Amazon bird population decline
Credit: Ross Tsai/Flickr

Bird populations in the Amazon are declining without clear cause

Bird populations in the Amazon's Yasuní Biosphere Reserve have mysteriously dropped by half over 23 years, with climate change being a potential culprit.

Bernardo Araujo reports for Mongabay.


In short:

  • The number of birds in Ecuador's Yasuní Biosphere Reserve has halved, according to a recent study.
  • Researchers suspect climate change as the primary cause, despite the area being largely undisturbed by human activity.
  • Similar declines have been observed in other tropical regions, indicating a broader environmental issue.

Key quote:

“There’s something called the dawn chorus, which is typical in tropical forests where lots of birds sing just before dawn. And over the last 10 years, that has just been going quieter and quieter with very few birds singing in the morning.”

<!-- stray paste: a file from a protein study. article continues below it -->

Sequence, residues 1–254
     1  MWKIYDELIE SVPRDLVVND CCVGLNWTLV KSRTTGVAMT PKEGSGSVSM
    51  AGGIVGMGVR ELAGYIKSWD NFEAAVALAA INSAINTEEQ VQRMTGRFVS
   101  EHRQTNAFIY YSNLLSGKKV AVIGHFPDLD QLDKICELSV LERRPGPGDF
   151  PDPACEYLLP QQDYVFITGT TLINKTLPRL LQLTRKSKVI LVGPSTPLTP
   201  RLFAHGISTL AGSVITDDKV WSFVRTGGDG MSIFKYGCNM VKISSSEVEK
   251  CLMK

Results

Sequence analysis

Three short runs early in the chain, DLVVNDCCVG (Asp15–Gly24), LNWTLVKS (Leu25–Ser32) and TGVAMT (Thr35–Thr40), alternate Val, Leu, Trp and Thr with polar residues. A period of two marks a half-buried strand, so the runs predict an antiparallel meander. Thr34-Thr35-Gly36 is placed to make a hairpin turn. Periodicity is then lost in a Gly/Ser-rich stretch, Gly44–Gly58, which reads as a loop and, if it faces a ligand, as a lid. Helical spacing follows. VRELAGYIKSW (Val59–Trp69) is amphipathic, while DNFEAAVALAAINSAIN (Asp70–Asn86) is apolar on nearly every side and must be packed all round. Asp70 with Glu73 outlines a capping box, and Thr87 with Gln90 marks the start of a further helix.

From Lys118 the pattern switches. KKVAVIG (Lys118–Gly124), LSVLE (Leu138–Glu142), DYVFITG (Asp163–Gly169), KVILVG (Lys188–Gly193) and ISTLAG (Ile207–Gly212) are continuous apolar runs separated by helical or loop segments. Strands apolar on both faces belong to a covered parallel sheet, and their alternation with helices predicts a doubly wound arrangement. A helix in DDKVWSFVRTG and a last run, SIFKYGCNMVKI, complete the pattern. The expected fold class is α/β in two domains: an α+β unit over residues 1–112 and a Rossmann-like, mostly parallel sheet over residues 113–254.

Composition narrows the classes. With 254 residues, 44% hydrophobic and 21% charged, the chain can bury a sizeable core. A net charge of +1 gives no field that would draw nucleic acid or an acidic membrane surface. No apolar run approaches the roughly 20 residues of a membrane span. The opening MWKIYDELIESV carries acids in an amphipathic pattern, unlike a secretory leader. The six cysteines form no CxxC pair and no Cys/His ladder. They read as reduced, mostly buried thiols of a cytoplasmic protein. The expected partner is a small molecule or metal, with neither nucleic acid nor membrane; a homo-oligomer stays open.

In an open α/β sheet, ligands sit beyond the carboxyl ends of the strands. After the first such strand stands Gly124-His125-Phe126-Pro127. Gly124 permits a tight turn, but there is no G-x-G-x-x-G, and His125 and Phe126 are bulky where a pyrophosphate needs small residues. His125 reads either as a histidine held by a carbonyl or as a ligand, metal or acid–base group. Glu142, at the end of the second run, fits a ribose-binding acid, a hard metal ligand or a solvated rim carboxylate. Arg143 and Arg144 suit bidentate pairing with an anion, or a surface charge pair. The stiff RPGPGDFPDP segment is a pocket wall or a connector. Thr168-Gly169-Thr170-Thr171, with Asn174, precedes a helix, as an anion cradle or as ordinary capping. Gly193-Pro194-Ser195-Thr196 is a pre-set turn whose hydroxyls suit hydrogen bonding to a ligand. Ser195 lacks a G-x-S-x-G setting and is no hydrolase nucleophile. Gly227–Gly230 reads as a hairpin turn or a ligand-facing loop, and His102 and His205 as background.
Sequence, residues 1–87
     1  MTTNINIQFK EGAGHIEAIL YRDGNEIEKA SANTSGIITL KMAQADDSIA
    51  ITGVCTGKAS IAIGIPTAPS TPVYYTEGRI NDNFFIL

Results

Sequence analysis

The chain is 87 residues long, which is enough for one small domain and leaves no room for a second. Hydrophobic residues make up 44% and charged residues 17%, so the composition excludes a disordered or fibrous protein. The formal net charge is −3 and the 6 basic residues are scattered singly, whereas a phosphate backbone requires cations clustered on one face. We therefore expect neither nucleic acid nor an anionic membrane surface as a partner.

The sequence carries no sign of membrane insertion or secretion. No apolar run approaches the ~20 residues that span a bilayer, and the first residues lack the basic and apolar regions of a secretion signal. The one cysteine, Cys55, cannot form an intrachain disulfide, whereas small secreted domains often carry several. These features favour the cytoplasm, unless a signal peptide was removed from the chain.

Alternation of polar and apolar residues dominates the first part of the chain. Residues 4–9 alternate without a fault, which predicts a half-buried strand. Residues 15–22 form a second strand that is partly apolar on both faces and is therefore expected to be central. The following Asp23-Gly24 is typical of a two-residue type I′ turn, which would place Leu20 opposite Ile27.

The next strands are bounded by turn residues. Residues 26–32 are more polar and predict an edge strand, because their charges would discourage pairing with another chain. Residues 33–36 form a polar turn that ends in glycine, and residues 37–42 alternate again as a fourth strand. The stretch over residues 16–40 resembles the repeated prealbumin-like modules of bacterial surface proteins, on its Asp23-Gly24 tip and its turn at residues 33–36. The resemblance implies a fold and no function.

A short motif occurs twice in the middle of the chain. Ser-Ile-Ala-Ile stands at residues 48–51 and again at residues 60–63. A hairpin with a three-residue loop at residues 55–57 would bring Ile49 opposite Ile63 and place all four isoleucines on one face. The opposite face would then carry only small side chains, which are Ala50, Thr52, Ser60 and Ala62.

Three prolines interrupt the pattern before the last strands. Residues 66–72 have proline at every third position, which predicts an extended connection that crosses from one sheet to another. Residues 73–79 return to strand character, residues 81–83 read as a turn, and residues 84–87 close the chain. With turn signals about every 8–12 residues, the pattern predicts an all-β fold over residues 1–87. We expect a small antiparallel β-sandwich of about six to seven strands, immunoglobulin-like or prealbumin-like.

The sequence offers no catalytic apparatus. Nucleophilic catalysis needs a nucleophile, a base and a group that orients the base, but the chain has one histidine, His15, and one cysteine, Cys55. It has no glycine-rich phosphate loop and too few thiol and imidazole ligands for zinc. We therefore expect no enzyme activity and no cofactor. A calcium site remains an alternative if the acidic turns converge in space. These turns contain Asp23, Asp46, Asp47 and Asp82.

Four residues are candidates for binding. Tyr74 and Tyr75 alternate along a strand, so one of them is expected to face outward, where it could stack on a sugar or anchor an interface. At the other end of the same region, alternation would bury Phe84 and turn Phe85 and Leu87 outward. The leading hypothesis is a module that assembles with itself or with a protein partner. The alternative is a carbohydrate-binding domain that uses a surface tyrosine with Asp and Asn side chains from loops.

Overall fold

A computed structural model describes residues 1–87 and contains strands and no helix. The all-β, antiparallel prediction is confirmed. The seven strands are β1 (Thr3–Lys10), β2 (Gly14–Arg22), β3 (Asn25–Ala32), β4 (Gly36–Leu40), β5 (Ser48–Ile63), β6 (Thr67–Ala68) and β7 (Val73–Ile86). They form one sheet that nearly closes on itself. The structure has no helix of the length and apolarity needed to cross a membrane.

— John Blake, University of Florida professor

Why this matters:

This decline in bird populations, even in pristine habitats, is indicative of the far-reaching impacts of climate change, raising alarms about the future of biodiversity in tropical ecosystems. For more, read our series, Winged Warnings: What birds are telling us about our planet's health.

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